"The position of the preceptor has offered me a daily challenge in dealing with both the students and the work; rarely is the work boring. It has also forced me to learn the work thoroughly and to continue learning all aspects of the department; the student inadvertently pushes me to do better.
SAIT's School of Health and Public Safety is offering a 20-hour course designed to meet the needs of novice and intermediate preceptors, as well as to provide a refresher for more experienced preceptors. You will be enrolled in the course for a three year term which allows for flexibility to attain any mandatory continuing competency requirements and the time to apply the content, or to discuss situations with other preceptors in the field.
Course topics include:
- Roles of the preceptor
- Planning and organizing learning experiences
- Precepting strategies and methods
- Assessment techniques
- Communication strategies
- Conflict management
Professional development credits
Each professional association determines the number of credits granted for professional development. Contact the SAIT Instructor of your profession for details.
Practicum instructor contacts:
- Dental Assisting: Michelle Shaben, Patricia Stoness, Cheryl Plas, Kim Penner, Chelsey Dudley, Anna King, Salina Chhokar, Allison Wylie
- Diagnostic Medical Sonography: Jennifer Chaudhary, Shannon Thomsen or Sandra Dobsen
- Advanced Care Paramedic: Sheldon Thunstrom
- Health Information Management: Stephanie Clack or Lisa Proudfoot
- Medical Device Reprocessing Technician: Bushra Ihtasham, Heather Latreille or Lorraine Kopchiuk
- Medical Laboratory Assistant: Lori Cucheron, Nargis Hirji or Megan Cotterill
- Medical Office Assistant and Unit Clerk: Lori Hanninen, Valerie Moldowin, Sobia Ekram or Mariam Ghaffar
- Medical Laboratory Technology: Keri Huwald, Paul Palmer, Donnell Wolff, Fiona Wilson, Kim Alkalay, Luree Politsky or Janifer Calvez
- Medical Radiologic Technology: Amy Farrier, Sidsel Pederson, Tammy Genier or Jennifer Burton
- Nuclear Medicine Technology: Jessica Rutherford, Glenda Laser, Colby Bieber or Jodie Piercy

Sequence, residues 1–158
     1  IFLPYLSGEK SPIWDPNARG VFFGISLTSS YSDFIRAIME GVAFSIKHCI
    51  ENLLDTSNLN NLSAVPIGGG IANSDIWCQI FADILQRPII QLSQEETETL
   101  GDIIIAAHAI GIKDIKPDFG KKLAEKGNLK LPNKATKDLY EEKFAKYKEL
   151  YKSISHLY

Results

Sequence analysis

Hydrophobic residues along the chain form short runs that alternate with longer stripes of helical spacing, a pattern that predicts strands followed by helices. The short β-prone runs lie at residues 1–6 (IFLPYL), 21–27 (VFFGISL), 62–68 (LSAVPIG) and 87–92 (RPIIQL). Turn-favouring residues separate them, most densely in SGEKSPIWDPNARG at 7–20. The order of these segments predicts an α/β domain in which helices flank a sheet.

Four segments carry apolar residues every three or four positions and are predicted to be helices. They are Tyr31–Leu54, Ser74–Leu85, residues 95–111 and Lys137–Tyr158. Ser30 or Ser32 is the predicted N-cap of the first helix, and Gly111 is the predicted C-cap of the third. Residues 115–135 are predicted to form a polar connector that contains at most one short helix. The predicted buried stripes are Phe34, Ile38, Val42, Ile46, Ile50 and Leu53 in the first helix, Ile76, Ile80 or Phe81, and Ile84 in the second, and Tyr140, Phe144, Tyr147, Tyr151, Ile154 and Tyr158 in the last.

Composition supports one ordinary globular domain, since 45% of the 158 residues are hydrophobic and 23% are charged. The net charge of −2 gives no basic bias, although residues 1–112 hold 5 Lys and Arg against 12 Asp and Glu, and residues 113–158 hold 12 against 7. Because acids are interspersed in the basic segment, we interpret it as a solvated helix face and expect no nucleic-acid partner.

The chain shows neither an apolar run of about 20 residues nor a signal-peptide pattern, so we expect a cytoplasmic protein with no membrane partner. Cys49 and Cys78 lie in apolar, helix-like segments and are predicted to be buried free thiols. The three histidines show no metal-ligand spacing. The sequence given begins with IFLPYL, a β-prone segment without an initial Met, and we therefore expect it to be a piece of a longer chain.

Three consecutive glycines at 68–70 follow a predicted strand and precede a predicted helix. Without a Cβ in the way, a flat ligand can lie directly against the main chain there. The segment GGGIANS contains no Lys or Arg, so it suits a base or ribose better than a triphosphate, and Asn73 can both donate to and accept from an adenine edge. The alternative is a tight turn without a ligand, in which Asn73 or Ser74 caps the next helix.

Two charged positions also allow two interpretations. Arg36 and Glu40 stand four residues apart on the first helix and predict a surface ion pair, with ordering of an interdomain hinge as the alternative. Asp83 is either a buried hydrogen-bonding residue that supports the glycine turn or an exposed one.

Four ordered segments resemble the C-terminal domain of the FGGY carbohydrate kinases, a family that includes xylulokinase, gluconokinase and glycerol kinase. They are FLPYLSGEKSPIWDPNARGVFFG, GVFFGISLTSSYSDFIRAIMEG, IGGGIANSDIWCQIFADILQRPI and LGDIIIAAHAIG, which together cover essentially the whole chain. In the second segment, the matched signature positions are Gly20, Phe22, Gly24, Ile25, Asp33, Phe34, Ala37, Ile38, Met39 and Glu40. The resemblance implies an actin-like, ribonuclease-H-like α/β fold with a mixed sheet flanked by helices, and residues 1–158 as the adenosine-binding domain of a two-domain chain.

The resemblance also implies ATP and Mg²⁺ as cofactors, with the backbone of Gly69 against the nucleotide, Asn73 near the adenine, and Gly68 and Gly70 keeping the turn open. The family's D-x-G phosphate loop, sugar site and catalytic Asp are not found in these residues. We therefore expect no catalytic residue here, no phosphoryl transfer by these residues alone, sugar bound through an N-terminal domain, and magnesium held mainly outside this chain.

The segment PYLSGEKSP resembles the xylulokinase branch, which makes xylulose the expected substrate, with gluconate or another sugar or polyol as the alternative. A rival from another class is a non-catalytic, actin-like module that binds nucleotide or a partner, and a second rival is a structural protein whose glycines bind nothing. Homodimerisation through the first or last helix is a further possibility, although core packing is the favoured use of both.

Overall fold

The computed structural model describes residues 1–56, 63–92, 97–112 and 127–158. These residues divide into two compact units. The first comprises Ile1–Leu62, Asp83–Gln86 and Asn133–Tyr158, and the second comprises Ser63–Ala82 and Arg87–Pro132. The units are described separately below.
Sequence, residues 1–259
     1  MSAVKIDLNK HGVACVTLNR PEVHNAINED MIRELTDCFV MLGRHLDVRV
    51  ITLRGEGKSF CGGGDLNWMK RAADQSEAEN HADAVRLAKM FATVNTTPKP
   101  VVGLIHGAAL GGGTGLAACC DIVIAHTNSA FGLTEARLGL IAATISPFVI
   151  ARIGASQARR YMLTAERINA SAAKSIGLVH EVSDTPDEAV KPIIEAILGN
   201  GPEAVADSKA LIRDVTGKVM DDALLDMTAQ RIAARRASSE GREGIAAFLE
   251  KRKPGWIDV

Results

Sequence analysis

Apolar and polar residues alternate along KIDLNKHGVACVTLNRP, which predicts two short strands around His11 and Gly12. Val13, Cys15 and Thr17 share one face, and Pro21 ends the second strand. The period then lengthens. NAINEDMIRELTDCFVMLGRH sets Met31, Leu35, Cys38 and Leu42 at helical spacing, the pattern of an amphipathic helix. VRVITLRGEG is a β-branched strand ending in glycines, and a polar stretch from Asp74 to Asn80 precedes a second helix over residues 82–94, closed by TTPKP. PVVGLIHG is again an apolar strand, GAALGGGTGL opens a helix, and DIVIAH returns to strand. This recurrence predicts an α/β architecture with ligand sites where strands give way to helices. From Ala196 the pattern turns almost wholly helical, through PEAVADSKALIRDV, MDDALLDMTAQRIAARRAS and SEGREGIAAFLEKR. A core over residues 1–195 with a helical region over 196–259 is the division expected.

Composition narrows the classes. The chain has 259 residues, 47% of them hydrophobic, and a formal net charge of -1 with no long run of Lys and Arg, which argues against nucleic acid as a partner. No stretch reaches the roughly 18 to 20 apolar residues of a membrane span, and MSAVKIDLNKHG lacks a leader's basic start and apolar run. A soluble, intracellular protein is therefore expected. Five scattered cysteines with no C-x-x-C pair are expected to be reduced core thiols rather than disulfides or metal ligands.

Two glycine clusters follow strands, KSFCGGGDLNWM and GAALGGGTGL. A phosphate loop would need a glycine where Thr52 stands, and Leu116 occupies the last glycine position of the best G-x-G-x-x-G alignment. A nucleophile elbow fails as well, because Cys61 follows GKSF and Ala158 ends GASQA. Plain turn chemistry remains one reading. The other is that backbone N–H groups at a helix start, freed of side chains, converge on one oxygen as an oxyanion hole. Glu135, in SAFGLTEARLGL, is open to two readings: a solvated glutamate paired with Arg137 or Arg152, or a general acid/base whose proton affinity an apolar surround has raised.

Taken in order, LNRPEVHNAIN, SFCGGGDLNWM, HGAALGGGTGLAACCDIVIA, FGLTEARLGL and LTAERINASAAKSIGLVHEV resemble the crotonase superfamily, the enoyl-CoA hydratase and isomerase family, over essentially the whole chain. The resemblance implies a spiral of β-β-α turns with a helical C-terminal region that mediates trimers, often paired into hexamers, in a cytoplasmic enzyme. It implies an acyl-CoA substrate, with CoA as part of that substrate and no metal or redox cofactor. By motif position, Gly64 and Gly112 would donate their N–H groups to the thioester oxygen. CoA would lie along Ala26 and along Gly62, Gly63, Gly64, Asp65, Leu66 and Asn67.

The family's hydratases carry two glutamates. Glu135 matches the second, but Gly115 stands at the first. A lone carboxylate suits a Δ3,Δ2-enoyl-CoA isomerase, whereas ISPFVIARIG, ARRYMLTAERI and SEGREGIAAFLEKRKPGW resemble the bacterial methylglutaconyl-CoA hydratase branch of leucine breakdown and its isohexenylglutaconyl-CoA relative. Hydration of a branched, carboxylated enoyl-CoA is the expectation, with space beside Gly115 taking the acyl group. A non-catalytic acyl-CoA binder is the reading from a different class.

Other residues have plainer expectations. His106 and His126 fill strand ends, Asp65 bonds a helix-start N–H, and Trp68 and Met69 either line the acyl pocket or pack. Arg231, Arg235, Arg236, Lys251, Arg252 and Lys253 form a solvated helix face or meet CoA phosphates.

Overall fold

- Nutrition and Healthy Lifestyles: Stefanie Alloway
- Opthalmic and Optometric Assisting: Larisia Hladun, Jennifer Hugh or Laura Murray
- Optician: Larisia Hladun or Jennifer Hussein
- Pharmacy Assitant: Sheri Shahid or Joy Nelson
- Primary Care Paramedic: Nicole Kashuba
- Rehabilitation Therapy Assistant: Nancy Pullan, Jennifer Stodler or Shauna Kingwell
- Respiratory Therapy: Meredith Patey, Brent Martin or Kara Groenendjik
Registration is ongoing throughout the year. There are two ways to register:
- If you are precepting for a program in the School of Health and Public Safety, please contact the SAIT Practicum Instructor for your discipline. They will assist you with course information and registration details.
- If you are interested in taking the PDEV 190 course and do not assist in precepting Health and Public Safety students, please call 403.284.SAIT to register for a fee of $50.
While on practicum, students in SAIT's health and wellness studies programs work with experienced professionals in various disciplines. These partners currently include:
- Alberta Health Services
- BC Interior Health Authority
- Blair, Stubbs & Associates
- Calgary Lab Services
- Canada Diagnostic Centres
- Central Alberta Medical Imaging Services
- Central Health Authority Newfoundland
- Eastern Regional Integrated Health Authority Newfoundland
- EFW Radiology
- Health PEI
- Horizon Health, New Brunswick
- Radiology Associates
- Saskatchewan Health Authority
- Vancouver Island Health Authority
- Western Health Authority Newfoundland
- Winnipeg Regional Health Authority
- Diagnostic centres and medical laboratories throughout Canada
- Fire, ambulance and emergency medical services in rural and urban Alberta communities
- Fitness and community recreation facilities
- Community pharmacies
- Private dentists and physicians throughout Alberta